Chef spotlight: Edna Lewis

Sara Nigohosyan celebrates the widely influential Southern American chef, Edna Lewis

Sara Nigohosyan
25th July 2020
Image: ciasamin - Instagram

The contribution of black culture to our modern kitchens as we know them is undeniable, but to what extent are we informed on how much we have benefitted from it?

Edna Lewis is one of the most influential figures when it comes to memorializing Southern American cuisine and popularizing it, whilst also incorporating her deep knowledge of African American food culture into her cookbooks. Her famous books, The Edna Lewis Cookbook (1972), The Taste of Country Cooking (1976), and In Pursuit of Flavor (1988) immortalized the culture behind Southern kitchen and popularized it among the general public. Combining the appreciation for this subgenre of cuisine with African American heritage, her books have a unique feel and make her the first African American woman to have published a cookbook under her real identity. Before her, many women of colour would have to use pseudonyms to be allowed to write or even publish books. 

Being one of the few female chefs, and even fewer black female chefs in the US, Edna became a local legend

Lewis’ ambition helped her move out to the Big Apple and become integrated into New York’s elite. After meeting John Nicholson, a high society antique dealer, the two of them opened their own restaurant in East Manhattan. Café Nicholson quickly became a popular place which attracted famous personages such as Truman Capote, Marlon Brando, Salvador Dali, Eleanor Roosevelt, Greta Garbo, and many more. Lewis would do all the cooking in her own restaurant, serving the simple, but delicious, Southern dishes she had been raised with. Being one of the few female chefs, and even fewer black female chefs in the US, Edna became a local legend and popular cuisinier.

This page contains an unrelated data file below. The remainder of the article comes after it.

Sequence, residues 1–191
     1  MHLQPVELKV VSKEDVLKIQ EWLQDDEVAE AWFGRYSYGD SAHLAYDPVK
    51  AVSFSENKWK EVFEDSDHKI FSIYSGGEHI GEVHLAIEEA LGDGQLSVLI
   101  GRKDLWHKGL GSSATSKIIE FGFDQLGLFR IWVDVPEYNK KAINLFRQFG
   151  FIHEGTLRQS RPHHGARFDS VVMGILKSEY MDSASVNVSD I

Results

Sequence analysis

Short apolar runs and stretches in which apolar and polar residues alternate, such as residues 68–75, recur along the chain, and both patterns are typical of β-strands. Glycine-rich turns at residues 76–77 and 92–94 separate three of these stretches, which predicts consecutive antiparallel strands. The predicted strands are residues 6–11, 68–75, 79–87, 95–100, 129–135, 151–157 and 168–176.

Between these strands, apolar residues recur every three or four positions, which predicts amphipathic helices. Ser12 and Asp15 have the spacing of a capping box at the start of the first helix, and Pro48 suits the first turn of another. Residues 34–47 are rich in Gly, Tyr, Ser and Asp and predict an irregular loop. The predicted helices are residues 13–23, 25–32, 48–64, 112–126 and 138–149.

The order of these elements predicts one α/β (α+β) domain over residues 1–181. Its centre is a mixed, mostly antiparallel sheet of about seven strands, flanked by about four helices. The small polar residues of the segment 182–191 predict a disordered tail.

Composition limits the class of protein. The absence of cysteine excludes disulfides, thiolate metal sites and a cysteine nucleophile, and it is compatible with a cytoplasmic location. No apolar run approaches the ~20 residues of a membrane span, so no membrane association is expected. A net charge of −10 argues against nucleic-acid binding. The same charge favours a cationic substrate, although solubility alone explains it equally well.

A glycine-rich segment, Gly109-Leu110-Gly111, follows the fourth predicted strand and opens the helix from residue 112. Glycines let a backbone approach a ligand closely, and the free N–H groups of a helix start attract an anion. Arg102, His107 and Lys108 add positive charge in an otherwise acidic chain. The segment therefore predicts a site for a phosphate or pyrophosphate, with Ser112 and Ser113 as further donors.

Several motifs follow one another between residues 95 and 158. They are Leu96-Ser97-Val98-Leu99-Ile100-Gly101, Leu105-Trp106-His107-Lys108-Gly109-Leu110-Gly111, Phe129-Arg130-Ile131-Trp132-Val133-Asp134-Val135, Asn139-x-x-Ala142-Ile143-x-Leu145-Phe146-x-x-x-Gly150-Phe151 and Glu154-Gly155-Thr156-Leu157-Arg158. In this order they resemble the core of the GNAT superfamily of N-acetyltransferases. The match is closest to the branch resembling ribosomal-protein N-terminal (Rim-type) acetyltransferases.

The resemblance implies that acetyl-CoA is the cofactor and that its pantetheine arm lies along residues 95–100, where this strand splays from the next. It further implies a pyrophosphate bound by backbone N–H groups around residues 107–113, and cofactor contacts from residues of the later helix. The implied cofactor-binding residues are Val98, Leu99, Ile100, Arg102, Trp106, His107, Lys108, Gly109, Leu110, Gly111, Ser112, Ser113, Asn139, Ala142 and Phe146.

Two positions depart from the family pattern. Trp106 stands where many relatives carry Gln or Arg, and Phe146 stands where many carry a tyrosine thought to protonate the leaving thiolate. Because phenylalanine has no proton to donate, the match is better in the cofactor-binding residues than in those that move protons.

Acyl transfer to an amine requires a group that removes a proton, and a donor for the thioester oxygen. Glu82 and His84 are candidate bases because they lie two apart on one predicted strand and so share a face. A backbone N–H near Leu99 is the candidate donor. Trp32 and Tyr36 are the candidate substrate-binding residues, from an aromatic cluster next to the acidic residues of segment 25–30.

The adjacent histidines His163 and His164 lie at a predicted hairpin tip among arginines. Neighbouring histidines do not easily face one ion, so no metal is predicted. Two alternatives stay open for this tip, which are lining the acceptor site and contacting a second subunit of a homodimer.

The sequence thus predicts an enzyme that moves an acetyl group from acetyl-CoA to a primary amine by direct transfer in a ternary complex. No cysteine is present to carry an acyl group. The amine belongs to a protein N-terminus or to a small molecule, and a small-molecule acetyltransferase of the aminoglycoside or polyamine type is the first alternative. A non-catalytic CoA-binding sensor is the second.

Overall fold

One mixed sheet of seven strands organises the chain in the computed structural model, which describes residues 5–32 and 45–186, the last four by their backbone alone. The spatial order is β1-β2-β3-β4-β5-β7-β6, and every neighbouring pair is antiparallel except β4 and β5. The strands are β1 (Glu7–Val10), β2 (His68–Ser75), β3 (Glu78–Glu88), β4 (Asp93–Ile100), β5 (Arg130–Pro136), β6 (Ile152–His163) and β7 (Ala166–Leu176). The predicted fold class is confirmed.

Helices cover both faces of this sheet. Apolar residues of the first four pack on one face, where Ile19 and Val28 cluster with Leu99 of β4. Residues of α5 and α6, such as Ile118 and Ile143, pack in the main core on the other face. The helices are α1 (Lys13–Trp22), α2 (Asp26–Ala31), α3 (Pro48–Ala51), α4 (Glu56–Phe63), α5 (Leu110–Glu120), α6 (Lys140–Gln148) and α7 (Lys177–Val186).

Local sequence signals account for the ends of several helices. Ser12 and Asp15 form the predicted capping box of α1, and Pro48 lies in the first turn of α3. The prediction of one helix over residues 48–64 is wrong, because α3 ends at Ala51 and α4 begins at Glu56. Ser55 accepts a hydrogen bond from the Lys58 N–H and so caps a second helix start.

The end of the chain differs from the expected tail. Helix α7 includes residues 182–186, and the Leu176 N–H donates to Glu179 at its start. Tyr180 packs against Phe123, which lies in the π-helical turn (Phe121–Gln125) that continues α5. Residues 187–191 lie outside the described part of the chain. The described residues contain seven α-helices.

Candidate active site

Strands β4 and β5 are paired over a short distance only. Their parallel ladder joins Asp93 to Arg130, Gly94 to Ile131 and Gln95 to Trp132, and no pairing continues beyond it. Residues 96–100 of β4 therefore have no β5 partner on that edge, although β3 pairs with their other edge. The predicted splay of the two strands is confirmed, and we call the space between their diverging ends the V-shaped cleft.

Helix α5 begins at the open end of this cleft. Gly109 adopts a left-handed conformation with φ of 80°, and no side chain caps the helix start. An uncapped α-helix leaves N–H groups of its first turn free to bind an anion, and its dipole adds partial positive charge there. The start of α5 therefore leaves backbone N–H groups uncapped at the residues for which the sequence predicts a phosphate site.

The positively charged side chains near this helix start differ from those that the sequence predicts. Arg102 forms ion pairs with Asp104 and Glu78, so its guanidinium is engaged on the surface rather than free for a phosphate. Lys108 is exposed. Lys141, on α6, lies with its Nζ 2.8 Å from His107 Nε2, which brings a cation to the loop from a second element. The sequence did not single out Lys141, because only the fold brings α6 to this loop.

Edna’s determined nature made her a woman of many talents. Before diving into the professional world of food, she would work for the newspaper The Daily Worker and later would make clothes for celebrities such as Marylin Monroe and Doe Avedon. She would also be involved in politics, campaigning for President Franklin D. Roosevelt. She would reap success in every venture of hers, which helped her gain valuable connections and become a known name. This hard work gave her the opportunity to become the success she is in the culinary world. 

Image: kinfolk on Instagram

After owning her own restaurant, which pushed the popularity of the Southern kitchen, and publishing three books which further made Southern dishes common in the United States and the rest of the world, Edna would move and work all across the country as a chef, spreading the culture of Southern food. She even started the Society for the Revival and Preservation of Southern Food with the aims to spread knowledge, remember, and reproduce the old and traditional ways of Southern cooking. 

Lewis’ legacy not only helped spread the knowledge and culture behind cooking Southern food, but she also paved the way for other women, and more specifically, women of colour, to be recognized in the fields of culinary culture. Having become a representative of female African American chefs, her hard work, ambition, and talent would lead not only to her personal success, but also to the acknowledgement of the importance of black culture in the world of food.

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